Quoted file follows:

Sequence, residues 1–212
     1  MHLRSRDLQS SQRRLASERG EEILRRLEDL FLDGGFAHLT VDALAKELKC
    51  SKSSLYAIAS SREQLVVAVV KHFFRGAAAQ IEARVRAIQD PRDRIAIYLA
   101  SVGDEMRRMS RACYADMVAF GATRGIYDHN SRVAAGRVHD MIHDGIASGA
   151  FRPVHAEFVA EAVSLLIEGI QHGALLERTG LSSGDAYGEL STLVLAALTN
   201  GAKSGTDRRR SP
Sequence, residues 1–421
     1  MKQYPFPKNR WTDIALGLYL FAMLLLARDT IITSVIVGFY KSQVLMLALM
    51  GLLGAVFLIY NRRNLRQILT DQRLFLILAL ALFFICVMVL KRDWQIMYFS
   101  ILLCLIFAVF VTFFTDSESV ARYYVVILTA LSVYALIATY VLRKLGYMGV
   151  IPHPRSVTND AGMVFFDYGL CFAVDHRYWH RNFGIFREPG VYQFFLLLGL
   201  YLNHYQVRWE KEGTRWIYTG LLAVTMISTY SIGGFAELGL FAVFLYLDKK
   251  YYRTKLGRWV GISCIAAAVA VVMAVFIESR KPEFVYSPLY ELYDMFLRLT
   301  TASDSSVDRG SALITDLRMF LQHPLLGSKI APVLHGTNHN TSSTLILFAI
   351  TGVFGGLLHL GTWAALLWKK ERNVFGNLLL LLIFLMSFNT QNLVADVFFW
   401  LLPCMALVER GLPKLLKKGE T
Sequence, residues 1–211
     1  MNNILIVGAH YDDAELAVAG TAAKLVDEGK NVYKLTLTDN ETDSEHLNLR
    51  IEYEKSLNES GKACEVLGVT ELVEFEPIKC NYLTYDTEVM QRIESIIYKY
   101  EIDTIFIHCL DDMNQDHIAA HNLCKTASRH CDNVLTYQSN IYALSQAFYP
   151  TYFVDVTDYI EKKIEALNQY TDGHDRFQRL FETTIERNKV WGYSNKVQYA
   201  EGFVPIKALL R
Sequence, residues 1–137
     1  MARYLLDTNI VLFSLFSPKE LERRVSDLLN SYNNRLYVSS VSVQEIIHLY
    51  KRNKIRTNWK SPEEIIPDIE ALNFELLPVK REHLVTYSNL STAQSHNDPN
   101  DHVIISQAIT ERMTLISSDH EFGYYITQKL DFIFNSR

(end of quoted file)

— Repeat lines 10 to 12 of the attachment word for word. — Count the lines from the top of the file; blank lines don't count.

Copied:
   101  ILLCLIFAVF VTFFTDSESV ARYYVVILTA LSVYALIATY VLRKLGYMGV
   151  IPHPRSVTND AGMVFFDYGL CFAVDHRYWH RNFGIFREPG VYQFFLLLGL
   201  YLNHYQVRWE KEGTRWIYTG LLAVTMISTY SIGGFAELGL FAVFLYLDKK